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Home 2019 AIBA Women's World Boxing Championships EXCLUSIVE: Manju should have won the gold at World C'ships, says Coach...

EXCLUSIVE: Manju should have won the gold at World C’ships, says Coach Ali Qamar




Missed by a whisker! Debutant Manju Rani‘s fairytale run at the AIBA 2019 Women’s World Boxing Championship ended with a hard-fought silver medal which she earned after going down 1-4 against Russia’s second-seeded boxer Ekaterinal Paltceva in the summit clash on Sunday in Ulan Ude, Russia.

The Haryana-boxer, who was seeded sixth, was the lone Indian to make the finals after six-time champion MC Mary Kom (51kg), Jamuna Boro (54kg) and Lovlina Borgohain (69kg) settled for bronze medals. In the case of Borgohain, it was her second successive third-place finish.

There was very little separating Rani and her rival, both of whom looked to attack in the first round. The Russian stood out for her near-perfect left hooks in the opening three minutes. In the second round, the Indian connected some good straights and seemed to have the upper hand over the Russian.

Manju Rani was the lone Indian to make the finals
Manju Rani was the lone Indian to make the finals

In the final round, both the boxers adopted a cautious approach. There was quite a bit of holding, which led to referee’s intervention. However, in the end, the Russian emerged victorious. The Indian contingent was, however, visibly upset after the Paltceva’s hand was raised as the victor.

In an exclusive interview with The Bridge, the chief coach for the country’s women pugilists, Mohammed Ali Qamar said:

The decision would have gone in Manju’s favour. She was leading in the first two rounds by 3-2 and 3-2, respectively, but the third round went 0-5 against the Russian’s favour. Both the players showed equal mettle, and I would say Manju had the edge over her opponent because her punches were landing in the right position. We were quite sure Manju would win. However, the decision culminated into disappointment.

When asked about the pep talk she was given before the match, Qamar quipped, “We just kept Manju motivated as she already had her dream form by her side. We told her that this was the last match and she has to deliver her best. She even did that, but the decision turned out to be unfortunate.”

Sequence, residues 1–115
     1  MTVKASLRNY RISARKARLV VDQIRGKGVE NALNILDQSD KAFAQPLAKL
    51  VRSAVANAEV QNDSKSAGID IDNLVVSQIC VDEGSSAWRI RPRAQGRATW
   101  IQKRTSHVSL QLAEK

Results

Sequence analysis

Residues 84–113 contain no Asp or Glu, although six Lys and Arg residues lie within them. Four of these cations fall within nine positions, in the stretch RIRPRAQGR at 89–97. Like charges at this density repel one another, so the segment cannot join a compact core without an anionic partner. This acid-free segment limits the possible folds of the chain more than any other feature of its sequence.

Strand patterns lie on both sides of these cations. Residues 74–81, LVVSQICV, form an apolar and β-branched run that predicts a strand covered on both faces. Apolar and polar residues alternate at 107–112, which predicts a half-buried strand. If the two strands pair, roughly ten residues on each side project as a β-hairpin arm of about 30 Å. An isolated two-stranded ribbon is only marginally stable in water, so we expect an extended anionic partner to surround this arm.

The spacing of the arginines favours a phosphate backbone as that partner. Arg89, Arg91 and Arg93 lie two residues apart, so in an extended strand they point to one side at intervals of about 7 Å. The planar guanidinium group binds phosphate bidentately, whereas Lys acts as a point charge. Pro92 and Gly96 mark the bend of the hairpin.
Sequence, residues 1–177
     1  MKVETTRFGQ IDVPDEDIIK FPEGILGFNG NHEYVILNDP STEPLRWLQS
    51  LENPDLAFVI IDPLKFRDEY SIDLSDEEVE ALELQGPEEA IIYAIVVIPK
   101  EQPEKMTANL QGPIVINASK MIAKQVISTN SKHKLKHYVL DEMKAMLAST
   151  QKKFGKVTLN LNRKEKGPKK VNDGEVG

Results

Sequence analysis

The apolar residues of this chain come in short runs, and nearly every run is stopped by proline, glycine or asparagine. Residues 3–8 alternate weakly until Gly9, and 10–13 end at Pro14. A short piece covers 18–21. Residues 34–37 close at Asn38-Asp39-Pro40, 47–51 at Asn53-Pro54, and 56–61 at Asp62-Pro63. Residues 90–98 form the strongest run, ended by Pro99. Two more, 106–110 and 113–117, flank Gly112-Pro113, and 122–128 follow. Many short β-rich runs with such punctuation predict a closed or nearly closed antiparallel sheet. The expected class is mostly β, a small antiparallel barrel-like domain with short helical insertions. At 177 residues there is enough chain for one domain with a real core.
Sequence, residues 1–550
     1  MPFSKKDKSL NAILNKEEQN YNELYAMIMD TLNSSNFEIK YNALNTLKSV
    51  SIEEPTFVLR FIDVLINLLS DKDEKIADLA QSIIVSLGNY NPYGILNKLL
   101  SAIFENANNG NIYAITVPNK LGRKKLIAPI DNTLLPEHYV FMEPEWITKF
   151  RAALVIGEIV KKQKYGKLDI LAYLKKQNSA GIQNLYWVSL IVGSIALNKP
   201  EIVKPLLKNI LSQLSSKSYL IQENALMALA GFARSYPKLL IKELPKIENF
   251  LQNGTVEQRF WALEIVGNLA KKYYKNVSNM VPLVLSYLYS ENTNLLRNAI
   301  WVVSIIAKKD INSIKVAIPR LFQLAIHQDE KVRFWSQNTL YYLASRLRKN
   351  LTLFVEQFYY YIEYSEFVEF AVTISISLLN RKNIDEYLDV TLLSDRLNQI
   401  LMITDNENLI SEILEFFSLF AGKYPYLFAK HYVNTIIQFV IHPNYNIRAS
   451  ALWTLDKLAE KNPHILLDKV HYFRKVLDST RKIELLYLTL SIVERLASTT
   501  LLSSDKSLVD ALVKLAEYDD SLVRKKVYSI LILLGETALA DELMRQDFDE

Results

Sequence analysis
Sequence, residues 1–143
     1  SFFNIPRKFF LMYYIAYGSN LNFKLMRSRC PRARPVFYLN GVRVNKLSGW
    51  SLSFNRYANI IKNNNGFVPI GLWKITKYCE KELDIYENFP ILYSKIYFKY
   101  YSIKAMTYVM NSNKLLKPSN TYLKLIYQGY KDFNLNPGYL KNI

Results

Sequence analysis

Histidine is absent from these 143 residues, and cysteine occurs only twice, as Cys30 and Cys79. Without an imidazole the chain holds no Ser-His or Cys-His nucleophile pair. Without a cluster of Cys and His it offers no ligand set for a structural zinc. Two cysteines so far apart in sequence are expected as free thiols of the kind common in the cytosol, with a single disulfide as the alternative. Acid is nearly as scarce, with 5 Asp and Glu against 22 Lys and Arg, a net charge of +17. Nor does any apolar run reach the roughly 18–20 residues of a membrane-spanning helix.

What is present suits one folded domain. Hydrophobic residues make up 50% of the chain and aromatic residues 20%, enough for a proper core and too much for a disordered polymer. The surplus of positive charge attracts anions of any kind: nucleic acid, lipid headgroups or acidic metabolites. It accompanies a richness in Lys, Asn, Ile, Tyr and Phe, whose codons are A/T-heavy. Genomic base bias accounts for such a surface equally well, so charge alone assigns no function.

Manju, who is turning 20 on Saturday, has come a long way in 2019

Manju, who is turning 20 on Saturday, has come a long way in 2019

Manju, who is turning 20 on Saturday, has come a long way in 2019. In January, in her maiden attempt, Manju clinched the gold medal at the senior national boxing championship in Vijayanagar. It was followed by a silver medal at the Strandja Memorial Boxing Tournament in Sofia, Bulgaria — also her maiden international outing. Then she went on to win two bronze medals in the India Open and Thailand Open. Talking about Manju’s overall performance, Qamar added, “Manju’s year has shaped up brilliantly. This particular tournament has been an eye-opener. She went on to beat even the top-seeded player. She has punched above her expectation, and we can say the future looks even brighter for her.”

Qamar was the first Indian to win Commonwealth Games gold medal in boxing in 2002 and has taken over as chief coach for the country’s women pugilists in January, becoming the youngest ever to get the top job. In addition, the Arjuna awardee has helmed the Railways Sports Promotion Board’s women’s team for more than three years. The Kolkata native, who has been working alongside Italian coach Raffaele Bergamasco praises Manju style of play.

The best thing about Manju would be the surprises she brings into the ring. Her flurry of aggressive attacks often finds the opponent unprepared, and she always keeps her rival under pressure. It is absolutely a delight to watch her uppercuts to chin from the side of the ring.

Coach Ali Qamar (left) along with Indian women boxers
Coach Ali Qamar (left) along with Indian women boxers

Manju, however, will have to wait for some time to fulfil her Olympic dreams as her pet 48kg category is no more in the Olympics. The 48kg category was also the pet weight category for India’s boxing legend Mary Kom, who shifted in 51kg category to ensure a chance at the Olympics. When asked whether Manju will be taking the same course of action, Qamar concluded, “Not right now, we have Mary Kom in the category and Manju has just started her career. She will try her best to gain more experience and exposure in the 48kg category. Maybe, she will be Olympics ready by 2024.”

Manju will, however, continue to train with the seniors in the national camps and ensure she is always at her best in the tournaments that are supposed to happen next.

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